Beto’s Tacos to Open Second Location

The smells, sounds and sizzles of Mexican street food are coming to Lawrenceville this March
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Roberto “Beto” Correa opened his first taqueria at 3463 Lawrenceville Suwanee Rd. because, although Atlanta has its fair share of Mexican restaurants, he didn’t feel that there was enough of the “real thing.” Three years later, Correa is preparing to open a second Beto’s Tacos location at 4825 Sugarloaf Pkwy #3p in Lawrenceville in March, and is eyeing future locations in Alpharetta and John’s Creek.

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“It’s a lot of traffic, that’s what we’re thinking, a lot of population,” said Correa of the upcoming location.

Beto’s carries 17 different taco varieties, including tortillas filled with “cochinita pibil,” pulled pork shoulder marinated and braised in achiote paste, orange juice, and lime; beef tongue tacos; Cabeza tacos, filled with meat from a cow head that’s slow-roasted until the meat falls off the skull; tacos filled with tripe, meat taken a cow’s stomach lining; tacos made from Mexican cactus (similar in flavor and texture to okra) with Oaxaca cheese and poblano peppers; a vegan taco made with grilled zucchini and bell peppers; and, of course, tacos al pastor with marinated pork. Every day, six different types of salsa are made in-house at Beto’s, including one made with chipotles, another with avocados and a classic pico de gallo. 

“The reason we opened is to make sure we have real tacos, authentic Mexican in Atlanta. In California you have a lot of street tacos. In Atlanta, there are a lot of Mexican restaurants, but a taqueria is another thing,” Correa told What Now Atlanta. “Sure, there are fajitas and Tex-Mex, [but] we do authentic food, food that you’d eat in the street in Mexico. if you fly to Mexico, you’ll be able to see that people are making food by hand….when people come to our restaurant, they see the same thing.”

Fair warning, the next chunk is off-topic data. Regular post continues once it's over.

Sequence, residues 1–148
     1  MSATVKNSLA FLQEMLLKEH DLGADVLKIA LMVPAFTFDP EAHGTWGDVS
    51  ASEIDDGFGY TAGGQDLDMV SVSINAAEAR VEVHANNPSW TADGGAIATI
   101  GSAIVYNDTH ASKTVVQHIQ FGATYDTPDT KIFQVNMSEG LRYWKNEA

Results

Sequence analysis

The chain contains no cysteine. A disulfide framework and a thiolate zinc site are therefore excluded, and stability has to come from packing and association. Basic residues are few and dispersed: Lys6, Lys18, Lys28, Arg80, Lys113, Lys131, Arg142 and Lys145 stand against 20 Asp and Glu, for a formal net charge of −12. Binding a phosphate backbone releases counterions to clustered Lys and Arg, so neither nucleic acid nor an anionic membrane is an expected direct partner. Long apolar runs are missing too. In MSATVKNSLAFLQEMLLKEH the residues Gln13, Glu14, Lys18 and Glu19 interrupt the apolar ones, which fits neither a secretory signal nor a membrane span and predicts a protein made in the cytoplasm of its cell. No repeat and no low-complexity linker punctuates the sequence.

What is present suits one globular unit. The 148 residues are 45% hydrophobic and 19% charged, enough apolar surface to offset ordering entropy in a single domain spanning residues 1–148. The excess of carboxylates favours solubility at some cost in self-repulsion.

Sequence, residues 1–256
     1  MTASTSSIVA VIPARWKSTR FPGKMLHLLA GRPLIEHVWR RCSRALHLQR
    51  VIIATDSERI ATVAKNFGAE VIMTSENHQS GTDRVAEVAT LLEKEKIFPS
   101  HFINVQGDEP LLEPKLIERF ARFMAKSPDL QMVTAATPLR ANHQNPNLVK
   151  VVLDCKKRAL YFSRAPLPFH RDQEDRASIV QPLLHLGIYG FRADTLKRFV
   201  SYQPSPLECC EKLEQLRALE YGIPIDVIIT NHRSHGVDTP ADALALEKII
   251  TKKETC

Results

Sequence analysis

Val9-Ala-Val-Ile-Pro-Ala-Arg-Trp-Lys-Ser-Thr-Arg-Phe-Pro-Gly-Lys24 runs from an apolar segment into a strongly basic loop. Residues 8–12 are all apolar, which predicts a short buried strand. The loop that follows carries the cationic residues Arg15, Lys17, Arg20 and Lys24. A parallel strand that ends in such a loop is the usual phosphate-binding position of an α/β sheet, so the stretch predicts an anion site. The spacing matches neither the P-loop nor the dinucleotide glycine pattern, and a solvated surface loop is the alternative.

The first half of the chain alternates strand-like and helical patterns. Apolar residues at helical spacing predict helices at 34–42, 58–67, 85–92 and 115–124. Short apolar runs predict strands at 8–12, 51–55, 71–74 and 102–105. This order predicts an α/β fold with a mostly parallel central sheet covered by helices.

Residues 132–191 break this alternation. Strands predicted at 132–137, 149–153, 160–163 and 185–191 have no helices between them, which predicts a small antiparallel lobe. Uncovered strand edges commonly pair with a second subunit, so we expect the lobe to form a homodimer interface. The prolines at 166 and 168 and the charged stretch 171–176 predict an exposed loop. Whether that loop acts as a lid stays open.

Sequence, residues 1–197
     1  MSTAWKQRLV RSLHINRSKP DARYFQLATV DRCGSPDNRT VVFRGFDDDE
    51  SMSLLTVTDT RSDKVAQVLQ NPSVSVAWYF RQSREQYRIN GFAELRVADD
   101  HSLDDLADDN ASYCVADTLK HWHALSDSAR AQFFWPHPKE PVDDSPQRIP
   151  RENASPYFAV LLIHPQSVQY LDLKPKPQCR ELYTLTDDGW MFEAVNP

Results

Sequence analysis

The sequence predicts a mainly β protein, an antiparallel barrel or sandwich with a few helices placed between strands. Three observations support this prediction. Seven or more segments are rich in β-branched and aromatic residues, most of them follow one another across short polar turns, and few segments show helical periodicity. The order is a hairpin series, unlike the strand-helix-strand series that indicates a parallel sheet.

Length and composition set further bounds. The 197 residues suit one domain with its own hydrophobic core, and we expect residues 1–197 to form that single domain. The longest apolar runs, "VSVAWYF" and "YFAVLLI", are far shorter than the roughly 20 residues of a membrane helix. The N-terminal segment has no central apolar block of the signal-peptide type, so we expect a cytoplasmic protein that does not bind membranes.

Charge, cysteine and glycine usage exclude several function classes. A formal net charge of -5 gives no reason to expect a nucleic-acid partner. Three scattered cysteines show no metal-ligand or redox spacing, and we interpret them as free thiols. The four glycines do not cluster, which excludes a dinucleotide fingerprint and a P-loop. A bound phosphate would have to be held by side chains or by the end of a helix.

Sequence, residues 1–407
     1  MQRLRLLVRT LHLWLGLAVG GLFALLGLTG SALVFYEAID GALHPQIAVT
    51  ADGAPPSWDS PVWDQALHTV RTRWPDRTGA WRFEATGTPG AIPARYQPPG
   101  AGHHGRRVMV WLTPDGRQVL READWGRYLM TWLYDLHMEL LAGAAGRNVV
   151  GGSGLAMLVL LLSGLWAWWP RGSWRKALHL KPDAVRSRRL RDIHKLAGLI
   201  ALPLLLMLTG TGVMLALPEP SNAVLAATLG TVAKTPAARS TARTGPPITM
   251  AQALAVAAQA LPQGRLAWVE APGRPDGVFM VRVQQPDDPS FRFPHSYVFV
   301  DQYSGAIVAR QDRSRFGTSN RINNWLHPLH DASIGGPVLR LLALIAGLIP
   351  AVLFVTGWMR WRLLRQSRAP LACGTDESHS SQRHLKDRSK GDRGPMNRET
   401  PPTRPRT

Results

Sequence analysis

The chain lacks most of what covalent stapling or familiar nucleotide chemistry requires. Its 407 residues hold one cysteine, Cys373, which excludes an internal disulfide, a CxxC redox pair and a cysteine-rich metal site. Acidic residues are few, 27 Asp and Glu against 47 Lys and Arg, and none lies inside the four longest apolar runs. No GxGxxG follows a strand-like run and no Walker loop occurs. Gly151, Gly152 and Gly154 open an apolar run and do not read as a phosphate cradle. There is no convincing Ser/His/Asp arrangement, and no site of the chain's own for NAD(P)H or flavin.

Like the Suwanee location, Beto’s in Lawrenceville will have an open kitchen where customers can salivate watching the ingredients of their orders combine into a filling, flavorful plate. 

“I want people to see us cook and prepare,” said Correa. “I want people to see their food and smell it. And if we’re doing something wrong, I want to fix it.”

 A selection of filling entrees traditional in Mexico City are also on the menu, like “choriqueso,” a portmanteau of the Spanish words for sausage and queso that sums up the dish entirely. Esquites, a salad made from Mexican street corn that is tangy, sweet, smoky and spicy all at once is another crowd-pleaser at the taqueria, as is “Beto’s potatoes,” made with steak fries, Mexican chorizo, queso fresco and melted queso. For a takeaway meal that you can finish later, try one of Beto’s imposing tortas, genuinely huge Mexican street sandwiches that sport more filling than bread. A number of stews, like caldo tlalpeño, menudo and pozole, are also served. 

“We have a lot of different things that, in Atlanta, nobody makes it,” said Correa. “People come in because [they] want to see something different.”

Christina Coulter

Christina Coulter is an eager journalist from Connecticut with dogged tenacity and the sensibilities of a small-town reporter. Before and after graduating from Marist College in 2017, Christina covered local news for a slew of publications in the Northeast, including The Wilton Bulletin, the Millbrook Independent, The Kingston Times, The New Paltz Times and the Rockland Times. For nearly four years before the onset of the COVID-19 pandemic, Christina was the lead reporter for The Saugerties Times, living and breathing the goings-on of the 20,000-strong Hudson Valley community. Christina weathered the pandemic in Atlanta, where she got a taste for the city's people and flavors. After a brief stint covering news in Connecticut and New York once more with The Daily Voice, Christina was taken on by What Now Atlanta and What Now Los Angeles, where she aims to unweave the intricacies of both cities' bright restaurant communities.
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